Earlier this week the New York Post ran a cover featuring Chirlane McCray, the First Lady of New York City next to the banner headline: “I WAS A BAD MOM.” I am so glad they did this.
The Post article was a summary of the profile of McCray by Lisa Miller in New York Magazine, which they saw as something that was “bound to horrify most moms” and “shatters the carefully crafted image of de Blasio’s close-knit family, which helped vault him into office.”
And now here is what McCray actually said, reprinted in its entirety so that it is clear just how far the Post strayed and why Mayor De Blasio demanded an apology:
McCray had always imagined a life with children, but as with so many women the reality of motherhood — the loss of independence, the relentlessness of the responsibility — was difficult. “I was 40 years old. I had a life. Especially with Chiara — will we feel guilt forever more? Of course, yes. But the truth is, I could not spend every day with her. I didn’t want to do that. I looked for all kinds of reason not to do it. I love her. I have thousands of photos of her — every 1-month birthday, 2-month birthday. But I’ve been working since I was 14, and that part of me is me. It took a long time for me to get into ‘I’m taking care of kids,’ and what that means.” By the time Dante was born in 1997 — the same year de Blasio started working for the Clinton administration as a regional director for HUD — Chirlane had mostly assumed the role of the default parent. She stopped working full-time for several years, and even when she resumed, it was she who was usually at after-school pickup at 6 p.m. “The kids came first,” she says.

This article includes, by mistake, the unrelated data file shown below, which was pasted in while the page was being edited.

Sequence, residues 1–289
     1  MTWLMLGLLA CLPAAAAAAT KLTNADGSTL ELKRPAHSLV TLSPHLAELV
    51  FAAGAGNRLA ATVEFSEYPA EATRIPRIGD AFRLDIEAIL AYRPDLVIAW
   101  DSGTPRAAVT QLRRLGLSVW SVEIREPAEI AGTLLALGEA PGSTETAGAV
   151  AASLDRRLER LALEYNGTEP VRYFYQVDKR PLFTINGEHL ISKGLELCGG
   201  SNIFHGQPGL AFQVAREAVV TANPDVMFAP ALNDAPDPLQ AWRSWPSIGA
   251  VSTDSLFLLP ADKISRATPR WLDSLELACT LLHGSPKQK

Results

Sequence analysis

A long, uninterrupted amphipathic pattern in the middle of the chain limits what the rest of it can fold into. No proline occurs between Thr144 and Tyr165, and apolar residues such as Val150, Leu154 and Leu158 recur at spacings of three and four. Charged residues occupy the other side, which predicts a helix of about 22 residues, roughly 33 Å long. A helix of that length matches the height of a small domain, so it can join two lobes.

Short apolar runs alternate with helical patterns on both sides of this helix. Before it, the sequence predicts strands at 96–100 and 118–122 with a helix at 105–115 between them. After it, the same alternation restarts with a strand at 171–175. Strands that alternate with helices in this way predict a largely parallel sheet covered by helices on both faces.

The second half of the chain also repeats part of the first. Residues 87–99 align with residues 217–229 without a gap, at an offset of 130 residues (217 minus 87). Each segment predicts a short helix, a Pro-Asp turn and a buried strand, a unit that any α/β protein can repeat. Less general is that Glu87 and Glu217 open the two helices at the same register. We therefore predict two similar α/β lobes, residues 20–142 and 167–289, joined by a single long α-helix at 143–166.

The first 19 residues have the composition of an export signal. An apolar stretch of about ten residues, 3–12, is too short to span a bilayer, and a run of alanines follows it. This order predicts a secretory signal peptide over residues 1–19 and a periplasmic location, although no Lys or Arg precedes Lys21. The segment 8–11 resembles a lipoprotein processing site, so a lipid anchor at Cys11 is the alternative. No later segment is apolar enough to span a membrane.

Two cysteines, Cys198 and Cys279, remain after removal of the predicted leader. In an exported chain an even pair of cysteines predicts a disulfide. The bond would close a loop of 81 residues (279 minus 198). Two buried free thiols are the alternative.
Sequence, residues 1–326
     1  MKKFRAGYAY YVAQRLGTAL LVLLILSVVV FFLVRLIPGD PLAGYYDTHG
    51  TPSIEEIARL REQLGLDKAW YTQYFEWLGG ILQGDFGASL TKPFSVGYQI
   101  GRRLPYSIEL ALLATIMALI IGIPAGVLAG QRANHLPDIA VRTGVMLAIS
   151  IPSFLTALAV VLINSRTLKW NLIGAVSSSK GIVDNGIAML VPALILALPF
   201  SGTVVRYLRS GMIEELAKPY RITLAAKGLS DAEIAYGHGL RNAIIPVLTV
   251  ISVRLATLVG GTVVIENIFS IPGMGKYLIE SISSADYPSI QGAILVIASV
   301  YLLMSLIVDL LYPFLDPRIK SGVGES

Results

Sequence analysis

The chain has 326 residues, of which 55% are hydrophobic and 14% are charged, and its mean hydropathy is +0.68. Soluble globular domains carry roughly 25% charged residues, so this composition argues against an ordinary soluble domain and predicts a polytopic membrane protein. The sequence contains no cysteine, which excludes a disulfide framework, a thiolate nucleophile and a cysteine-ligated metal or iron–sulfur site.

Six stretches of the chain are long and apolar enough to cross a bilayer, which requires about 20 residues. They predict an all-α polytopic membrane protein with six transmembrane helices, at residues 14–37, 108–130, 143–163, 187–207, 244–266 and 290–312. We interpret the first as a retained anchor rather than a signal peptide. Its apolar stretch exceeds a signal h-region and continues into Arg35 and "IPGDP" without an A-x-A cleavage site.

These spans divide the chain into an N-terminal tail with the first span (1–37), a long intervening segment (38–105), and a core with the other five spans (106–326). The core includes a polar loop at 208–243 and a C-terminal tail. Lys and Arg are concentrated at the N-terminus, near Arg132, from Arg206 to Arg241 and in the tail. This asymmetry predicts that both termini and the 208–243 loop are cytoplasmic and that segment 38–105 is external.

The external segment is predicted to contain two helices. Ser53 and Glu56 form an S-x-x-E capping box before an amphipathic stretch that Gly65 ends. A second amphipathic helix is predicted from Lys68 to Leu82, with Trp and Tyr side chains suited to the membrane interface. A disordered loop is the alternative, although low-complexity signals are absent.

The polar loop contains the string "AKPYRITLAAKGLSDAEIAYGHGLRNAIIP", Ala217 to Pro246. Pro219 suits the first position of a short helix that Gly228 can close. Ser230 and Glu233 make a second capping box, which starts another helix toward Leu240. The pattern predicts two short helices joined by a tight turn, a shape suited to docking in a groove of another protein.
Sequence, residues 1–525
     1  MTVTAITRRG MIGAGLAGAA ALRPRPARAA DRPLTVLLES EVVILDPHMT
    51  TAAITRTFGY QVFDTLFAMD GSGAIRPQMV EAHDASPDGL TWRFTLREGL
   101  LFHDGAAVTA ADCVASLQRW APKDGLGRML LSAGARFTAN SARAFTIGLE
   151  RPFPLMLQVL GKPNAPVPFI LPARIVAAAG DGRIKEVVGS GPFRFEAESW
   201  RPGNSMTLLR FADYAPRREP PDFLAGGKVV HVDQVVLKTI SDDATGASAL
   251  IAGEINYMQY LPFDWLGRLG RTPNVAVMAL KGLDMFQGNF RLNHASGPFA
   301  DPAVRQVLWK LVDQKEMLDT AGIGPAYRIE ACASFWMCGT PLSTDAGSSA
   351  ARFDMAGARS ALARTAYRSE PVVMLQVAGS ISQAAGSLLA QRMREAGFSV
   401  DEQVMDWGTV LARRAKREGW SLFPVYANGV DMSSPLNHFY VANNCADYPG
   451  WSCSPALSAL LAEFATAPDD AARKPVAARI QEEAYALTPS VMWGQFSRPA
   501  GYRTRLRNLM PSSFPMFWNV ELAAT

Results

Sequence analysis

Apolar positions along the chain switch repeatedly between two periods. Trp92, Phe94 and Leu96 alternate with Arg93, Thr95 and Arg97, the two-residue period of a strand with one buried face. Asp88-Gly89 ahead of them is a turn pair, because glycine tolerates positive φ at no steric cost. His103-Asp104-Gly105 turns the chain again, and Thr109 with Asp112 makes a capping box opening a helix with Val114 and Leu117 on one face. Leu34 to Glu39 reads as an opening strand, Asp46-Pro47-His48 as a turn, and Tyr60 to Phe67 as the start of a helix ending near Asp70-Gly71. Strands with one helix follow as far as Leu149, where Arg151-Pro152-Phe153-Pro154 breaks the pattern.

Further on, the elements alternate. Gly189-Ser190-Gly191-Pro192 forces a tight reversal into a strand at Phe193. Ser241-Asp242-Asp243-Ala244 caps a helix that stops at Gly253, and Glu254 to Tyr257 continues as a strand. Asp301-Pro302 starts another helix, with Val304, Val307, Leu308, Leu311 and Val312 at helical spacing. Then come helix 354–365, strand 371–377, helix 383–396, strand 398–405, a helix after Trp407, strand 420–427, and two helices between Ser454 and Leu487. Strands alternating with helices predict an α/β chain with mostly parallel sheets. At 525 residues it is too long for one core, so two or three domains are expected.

So why am I glad about this horrible mom policing? Because it showcases in broad daylight the stubbornly retrograde attitudes that still exist about motherhood. Women receive messages all the time, from advertising, celebrity magazine’s coverage of moms and even from respectable press outlets like the New York Times, about how much they are expected to sacrifice for their kids — and not feel bad about it. But rarely are these messages so overt, so direct, and women are left to struggle with figuring out which messages are coming from without, and which are coming from within. With this public-shaming of McCray’s words, feelings of ambivalence, that I promise many, many women share, it is made all too clear that these messages, the projections of responsibility, shame and guilt, are largely coming from without.
If you read this column regularly, you know that I write often about the many ways in which women continue to take on the practical and emotional burdens of parenthood and why this needs to change. Like anyone passionate about a cause, I am at most definitely at risk for seeking out and aggrandizing examples of the ways in which women are unfairly taxed with family matters, while fathers continue being heroes when they “babysit.” You know, the whole believing is seeing thing.
So when McCray explains what is a perfectly normal case of struggling with dual-identities and a loss of independence when she had her daughter and she is quickly, and quite publicly, condemned for it, it confirms how real this problem is and how much work is left to be done. Thank you tabloids for validating my work. Really. I have a purpose.